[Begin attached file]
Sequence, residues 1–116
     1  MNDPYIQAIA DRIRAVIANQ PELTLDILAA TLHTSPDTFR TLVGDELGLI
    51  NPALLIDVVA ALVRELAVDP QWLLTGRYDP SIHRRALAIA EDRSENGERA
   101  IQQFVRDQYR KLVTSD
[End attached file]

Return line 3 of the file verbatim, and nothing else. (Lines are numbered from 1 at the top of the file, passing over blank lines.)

    51  NPALLIDVVA ALVRELAVDP QWLLTGRYDP SIHRRALAIA EDRSENGERA